Should HR stop asking candidates about their current salary?

Workers hate questions about their salary history, and recruiters are divided over whether to ditch it

Should HR stop asking candidates about their current salary?
Candidates want recruiters to ditch the “how much do you get paid?” question - but a hiring expert suggests instead using a bit more tact to coax prospective hires to reveal that information.

Several US states are considering law changes that would ban asking about a candidate’s salary history, and a new survey by job website Glassdoor reveals 53 percent of workers believe employers should not ask about their current or past earnings.

Women were particularly concerned that the question led to bias in the hiring process: 60 percent said recruiters should not ask about salary, compared with 48 percent of men.

Glassdoor’s chief equal pay advocate and senior vice president of global corporate affairs Dawn Lyon says recruiters should instead be asking about pay expectations for the new role.

“Before the first interview, hiring managers should work with their HR and recruiting teams to determine the value of the role, get very clear on what will drive a higher or lower compensation package ... and base interview questions around those topics. There are many factors that could determine a candidate’s compensation, but prior or current salary should not be one of them.”

However, Mark Rouse, of Toronto’s IQ Partners, believes recruiters should always ask about a candidate’s salary history, though he adds: “I don’t think it should be the first, second or third question that gets asked”.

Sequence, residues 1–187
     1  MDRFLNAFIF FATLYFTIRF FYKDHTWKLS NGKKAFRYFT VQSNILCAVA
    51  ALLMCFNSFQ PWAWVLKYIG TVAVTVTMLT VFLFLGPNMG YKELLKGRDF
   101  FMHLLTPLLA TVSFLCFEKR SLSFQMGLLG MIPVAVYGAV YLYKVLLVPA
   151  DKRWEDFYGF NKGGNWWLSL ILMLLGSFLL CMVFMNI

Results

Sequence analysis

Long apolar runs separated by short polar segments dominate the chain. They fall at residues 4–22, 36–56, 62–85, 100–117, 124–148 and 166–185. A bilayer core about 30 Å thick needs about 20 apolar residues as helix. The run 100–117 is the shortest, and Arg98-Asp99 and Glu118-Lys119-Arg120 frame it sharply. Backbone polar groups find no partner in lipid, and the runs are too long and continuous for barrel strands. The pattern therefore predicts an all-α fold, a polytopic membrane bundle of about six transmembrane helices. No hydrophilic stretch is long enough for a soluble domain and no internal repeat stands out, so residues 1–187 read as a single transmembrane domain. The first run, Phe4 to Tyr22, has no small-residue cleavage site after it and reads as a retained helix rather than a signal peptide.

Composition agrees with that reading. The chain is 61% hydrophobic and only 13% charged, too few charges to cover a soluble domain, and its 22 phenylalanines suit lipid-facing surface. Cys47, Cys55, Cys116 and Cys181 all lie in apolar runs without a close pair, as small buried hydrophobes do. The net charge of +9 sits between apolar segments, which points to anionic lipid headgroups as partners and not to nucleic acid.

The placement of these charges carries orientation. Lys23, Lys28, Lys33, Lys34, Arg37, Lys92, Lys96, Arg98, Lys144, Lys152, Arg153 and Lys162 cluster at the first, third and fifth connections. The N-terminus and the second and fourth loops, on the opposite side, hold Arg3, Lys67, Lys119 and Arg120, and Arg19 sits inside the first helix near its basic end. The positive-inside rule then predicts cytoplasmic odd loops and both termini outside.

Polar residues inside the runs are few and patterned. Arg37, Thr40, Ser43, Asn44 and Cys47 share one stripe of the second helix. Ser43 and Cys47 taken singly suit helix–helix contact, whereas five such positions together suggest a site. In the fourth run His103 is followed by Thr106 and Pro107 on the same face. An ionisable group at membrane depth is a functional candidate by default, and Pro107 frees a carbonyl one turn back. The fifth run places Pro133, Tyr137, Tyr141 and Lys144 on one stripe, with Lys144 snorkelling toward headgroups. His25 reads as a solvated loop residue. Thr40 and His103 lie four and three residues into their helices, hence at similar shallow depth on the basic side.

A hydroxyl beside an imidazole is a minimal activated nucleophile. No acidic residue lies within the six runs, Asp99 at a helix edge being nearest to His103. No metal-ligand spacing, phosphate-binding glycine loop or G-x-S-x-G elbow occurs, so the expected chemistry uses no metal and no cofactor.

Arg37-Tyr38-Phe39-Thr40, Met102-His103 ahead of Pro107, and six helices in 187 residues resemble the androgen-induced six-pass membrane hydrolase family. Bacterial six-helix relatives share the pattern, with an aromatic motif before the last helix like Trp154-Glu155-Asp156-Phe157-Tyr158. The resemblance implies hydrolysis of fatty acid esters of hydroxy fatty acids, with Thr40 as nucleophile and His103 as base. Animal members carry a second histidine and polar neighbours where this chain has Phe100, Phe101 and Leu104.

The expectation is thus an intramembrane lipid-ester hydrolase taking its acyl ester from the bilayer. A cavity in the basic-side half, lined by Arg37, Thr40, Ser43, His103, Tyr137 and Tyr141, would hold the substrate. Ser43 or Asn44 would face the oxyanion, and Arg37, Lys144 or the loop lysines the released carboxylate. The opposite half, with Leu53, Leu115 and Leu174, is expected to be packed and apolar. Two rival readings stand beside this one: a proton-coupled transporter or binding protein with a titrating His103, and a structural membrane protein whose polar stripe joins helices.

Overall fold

“If a recruiter doesn’t know anything about your competencies, then what value does the salary information have anyway? There’s no point knowing what something costs if you don’t know anything else.”

While some recruiters may use salary history to weed out candidates deemed too expensive, Rouse says “that always seems a very short-sighted view – not to mention rude”.

He says even if a candidate’s salary expectations are too high, they may be prepared to accept less if the role is more stimulating or has other benefits, such as slashing their commute time. On the other hand, they may be a better fit for another role that pops up in future.

If a candidate refuses to give their salary history, it’s important to ask why: it may be that they’re concerned they’re putting themselves at a competitive disadvantage, especially if they know they’re underpaid in their current role.

Other candidates may exaggerate their earnings as they pitch for a higher salary, so recruiters should have a solid understanding of the market value of the role.

Rouse adds that employers should also know what the role is worth, instead of relying on the candidate’s past earnings to set their future salary.

“If a company’s basing their decision only on what someone has made before, then they’re trusting that the other company knew what they were doing by paying that person that much. That person may or may not be worth it.”

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Related stories:
Massachusetts bans employers from requesting salary history
Women are paid less if they refuse to share their salary history – study

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